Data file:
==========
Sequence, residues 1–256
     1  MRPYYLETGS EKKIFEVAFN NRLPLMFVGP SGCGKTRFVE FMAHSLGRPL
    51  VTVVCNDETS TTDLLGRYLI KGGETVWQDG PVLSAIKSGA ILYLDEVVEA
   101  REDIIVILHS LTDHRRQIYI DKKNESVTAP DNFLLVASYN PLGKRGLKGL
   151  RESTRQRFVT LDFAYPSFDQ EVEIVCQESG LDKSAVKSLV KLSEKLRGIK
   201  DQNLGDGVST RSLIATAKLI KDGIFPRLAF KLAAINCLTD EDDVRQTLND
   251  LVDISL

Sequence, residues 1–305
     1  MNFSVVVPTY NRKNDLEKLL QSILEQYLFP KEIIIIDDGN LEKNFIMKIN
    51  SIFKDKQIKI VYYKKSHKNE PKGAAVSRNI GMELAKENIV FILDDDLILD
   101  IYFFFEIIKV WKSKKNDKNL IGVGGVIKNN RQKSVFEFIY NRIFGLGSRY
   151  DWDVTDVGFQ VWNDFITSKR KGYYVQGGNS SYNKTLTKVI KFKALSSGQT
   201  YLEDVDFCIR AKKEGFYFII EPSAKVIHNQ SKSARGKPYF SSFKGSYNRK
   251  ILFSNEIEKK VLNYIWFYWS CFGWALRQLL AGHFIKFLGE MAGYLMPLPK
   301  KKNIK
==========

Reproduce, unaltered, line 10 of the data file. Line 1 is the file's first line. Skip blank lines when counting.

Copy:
    51  SIFKDKQIKI VYYKKSHKNE PKGAAVSRNI GMELAKENIV FILDDDLILD